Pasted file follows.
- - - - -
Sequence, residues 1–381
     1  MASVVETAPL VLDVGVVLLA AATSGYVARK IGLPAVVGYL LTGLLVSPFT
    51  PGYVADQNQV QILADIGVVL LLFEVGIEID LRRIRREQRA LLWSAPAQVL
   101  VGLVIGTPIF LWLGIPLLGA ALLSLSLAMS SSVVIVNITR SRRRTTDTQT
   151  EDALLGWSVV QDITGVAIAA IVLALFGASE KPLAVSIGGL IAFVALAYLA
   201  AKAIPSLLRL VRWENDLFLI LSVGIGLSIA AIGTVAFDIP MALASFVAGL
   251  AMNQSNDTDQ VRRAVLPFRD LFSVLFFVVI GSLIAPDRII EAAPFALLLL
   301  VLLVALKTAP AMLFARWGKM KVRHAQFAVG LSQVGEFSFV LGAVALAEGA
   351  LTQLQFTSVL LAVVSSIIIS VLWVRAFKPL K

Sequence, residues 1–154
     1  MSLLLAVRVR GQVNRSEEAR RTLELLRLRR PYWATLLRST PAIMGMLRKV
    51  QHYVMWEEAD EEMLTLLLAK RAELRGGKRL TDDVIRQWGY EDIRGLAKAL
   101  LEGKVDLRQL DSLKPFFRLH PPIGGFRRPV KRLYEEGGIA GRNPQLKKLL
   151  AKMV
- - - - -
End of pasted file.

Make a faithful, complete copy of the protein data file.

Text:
Sequence, residues 1–381
     1  MASVVETAPL VLDVGVVLLA AATSGYVARK IGLPAVVGYL LTGLLVSPFT
    51  PGYVADQNQV QILADIGVVL LLFEVGIEID LRRIRREQRA LLWSAPAQVL
   101  VGLVIGTPIF LWLGIPLLGA ALLSLSLAMS SSVVIVNITR SRRRTTDTQT
   151  EDALLGWSVV QDITGVAIAA IVLALFGASE KPLAVSIGGL IAFVALAYLA
   201  AKAIPSLLRL VRWENDLFLI LSVGIGLSIA AIGTVAFDIP MALASFVAGL
   251  AMNQSNDTDQ VRRAVLPFRD LFSVLFFVVI GSLIAPDRII EAAPFALLLL
   301  VLLVALKTAP AMLFARWGKM KVRHAQFAVG LSQVGEFSFV LGAVALAEGA
   351  LTQLQFTSVL LAVVSSIIIS VLWVRAFKPL K

Sequence, residues 1–154
     1  MSLLLAVRVR GQVNRSEEAR RTLELLRLRR PYWATLLRST PAIMGMLRKV
    51  QHYVMWEEAD EEMLTLLLAK RAELRGGKRL TDDVIRQWGY EDIRGLAKAL
   101  LEGKVDLRQL DSLKPFFRLH PPIGGFRRPV KRLYEEGGIA GRNPQLKKLL
   151  AKMV